John Burns – Bingham, Osborn & Scarborough
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The market has been pretty resilient, said Mr. Burns.
“There has been a lot of positive movement and portfolios are getting higher,” he said. “The temperament and anxiety level of clients is a lot lower in the last few years.
“One thing our clients are making use of is the Roth IRA conversion. While the law changed this year to allow anyone, not just people with income under $100,000, there were a lot of retirees that were fairly wealthy that got below that income level, and we were working with their accounts to do some conversions in 2008 and 2009,” he said.
He said the situation with Roth accounts is interesting in terms of tax diversification, which he looks at in addition to asset allocation and diversification.
“As far as taxes are concerned, everybody should have three buckets of money,” he said.
One is taxable money, a revocable trust or a joint account; one is retirement money, a 401(k) and profit sharing; and one is Roth money, tax free.
“Who knows what the government will do? If they raise taxes, you can take out of Roth; if it lowers, take it out of retirement,” he said.
Joe Delany – Vista Wealth Management
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Mr. Delany said he hears a number of questions about education, retirement issues, financial planning, how much to pass to children, what is appropriate or what is not.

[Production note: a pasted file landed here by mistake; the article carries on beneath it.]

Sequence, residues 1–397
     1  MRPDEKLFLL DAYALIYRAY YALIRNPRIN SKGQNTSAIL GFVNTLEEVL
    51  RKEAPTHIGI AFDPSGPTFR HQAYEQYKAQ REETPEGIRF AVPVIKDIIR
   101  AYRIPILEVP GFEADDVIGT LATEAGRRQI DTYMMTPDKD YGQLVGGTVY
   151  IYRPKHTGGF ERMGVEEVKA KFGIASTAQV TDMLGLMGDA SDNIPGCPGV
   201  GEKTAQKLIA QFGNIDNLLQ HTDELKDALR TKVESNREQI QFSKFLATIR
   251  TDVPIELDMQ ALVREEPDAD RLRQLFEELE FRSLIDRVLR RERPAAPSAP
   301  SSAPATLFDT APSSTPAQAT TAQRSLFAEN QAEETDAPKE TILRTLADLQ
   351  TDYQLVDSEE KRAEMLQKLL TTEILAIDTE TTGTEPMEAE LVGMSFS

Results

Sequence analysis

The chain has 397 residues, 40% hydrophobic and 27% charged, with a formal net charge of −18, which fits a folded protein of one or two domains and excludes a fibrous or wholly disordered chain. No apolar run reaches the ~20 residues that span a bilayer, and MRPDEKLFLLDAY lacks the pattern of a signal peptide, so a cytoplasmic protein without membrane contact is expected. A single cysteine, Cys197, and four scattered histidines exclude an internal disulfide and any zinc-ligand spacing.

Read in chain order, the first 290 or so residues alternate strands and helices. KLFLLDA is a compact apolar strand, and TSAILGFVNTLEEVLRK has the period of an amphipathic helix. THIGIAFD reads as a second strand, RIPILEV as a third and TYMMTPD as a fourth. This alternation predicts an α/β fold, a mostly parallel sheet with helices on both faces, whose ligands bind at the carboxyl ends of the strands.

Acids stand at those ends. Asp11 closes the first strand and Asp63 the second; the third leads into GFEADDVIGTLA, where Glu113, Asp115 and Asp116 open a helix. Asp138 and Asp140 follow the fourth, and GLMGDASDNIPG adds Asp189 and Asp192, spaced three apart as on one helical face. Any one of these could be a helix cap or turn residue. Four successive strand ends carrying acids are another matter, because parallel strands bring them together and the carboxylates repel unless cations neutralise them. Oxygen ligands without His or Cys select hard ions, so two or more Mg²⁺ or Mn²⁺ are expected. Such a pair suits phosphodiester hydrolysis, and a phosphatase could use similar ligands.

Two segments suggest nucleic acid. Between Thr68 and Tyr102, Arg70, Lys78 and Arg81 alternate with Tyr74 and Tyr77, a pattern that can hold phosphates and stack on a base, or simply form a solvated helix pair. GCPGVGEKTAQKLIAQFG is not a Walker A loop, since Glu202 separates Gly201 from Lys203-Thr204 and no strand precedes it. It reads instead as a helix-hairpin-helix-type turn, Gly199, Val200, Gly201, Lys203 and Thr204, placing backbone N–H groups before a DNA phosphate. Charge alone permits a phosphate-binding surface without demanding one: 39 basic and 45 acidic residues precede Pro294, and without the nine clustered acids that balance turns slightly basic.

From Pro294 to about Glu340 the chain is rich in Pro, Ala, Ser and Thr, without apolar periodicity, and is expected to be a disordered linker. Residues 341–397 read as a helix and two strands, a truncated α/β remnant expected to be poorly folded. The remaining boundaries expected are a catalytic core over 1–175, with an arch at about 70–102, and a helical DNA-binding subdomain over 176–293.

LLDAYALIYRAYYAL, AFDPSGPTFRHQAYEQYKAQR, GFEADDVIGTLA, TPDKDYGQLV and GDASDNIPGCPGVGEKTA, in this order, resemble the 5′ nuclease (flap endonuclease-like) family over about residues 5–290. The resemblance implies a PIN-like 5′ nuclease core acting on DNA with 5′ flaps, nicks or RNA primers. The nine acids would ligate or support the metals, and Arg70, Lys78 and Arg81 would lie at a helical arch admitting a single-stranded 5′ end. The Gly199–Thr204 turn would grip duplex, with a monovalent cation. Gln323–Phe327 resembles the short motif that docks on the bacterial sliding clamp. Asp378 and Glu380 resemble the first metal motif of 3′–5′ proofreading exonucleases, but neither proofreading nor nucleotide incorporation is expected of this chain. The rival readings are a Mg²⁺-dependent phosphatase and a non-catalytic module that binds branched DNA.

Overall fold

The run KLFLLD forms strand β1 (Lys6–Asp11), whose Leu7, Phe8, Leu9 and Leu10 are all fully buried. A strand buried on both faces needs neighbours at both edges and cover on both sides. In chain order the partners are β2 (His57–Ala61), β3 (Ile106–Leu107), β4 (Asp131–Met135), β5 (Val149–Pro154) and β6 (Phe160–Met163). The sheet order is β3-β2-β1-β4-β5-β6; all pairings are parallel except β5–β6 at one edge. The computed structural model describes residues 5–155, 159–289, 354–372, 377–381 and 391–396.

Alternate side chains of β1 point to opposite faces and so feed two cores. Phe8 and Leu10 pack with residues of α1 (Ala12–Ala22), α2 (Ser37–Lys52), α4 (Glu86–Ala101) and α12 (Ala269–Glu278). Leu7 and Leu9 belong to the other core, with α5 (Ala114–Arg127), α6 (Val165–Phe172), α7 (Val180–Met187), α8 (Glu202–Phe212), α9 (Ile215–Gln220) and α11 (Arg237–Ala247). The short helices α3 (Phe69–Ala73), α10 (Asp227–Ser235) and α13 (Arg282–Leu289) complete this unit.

He said clients are either goal-based or value-based.
“Some are concerned about the uncertainly of the market and how to get a well-thought-out investment plan. Clients who are not financially set play more in the market,” he said.
In 2008 he said it was more difficult to keep people on the right path and to stick to the plan they had.
“We encouraged that because over the long term there will be appreciation,” he said.
He said valuation opportunities are low for closely held businesses and real estate, and it is a great time to explore intergenerational giving, family limited partnerships and interfamily loans.
It is also a favorable time for installment sales and real estate, and the intentionally defective grantor trust is more effective.
Mr. Delany also mentioned Grantor Retained Annuity Trusts, where during the term of the trust the grantor gets an annuity payment and the balance is distributed to the beneficiaries.
“You are making a bet that the assets you are putting into the GRAT will appreciate faster than the annuity rate."
He said there is a twist on the GRAT called Charitable Lead Annuity Trust, where a charity is the beneficiary during the time of the trust.
“Say Mr. Smith puts $1 million in a 20-year charitable lead trust to benefit his alma mater. The trust agreement stipulates that the school is to receive $70,000 in income annually for the purposes spelled out in the trust agreement. At the end of the 20-year term, Mr. Smith’s son, Jack, is to receive the trust principal,” he said.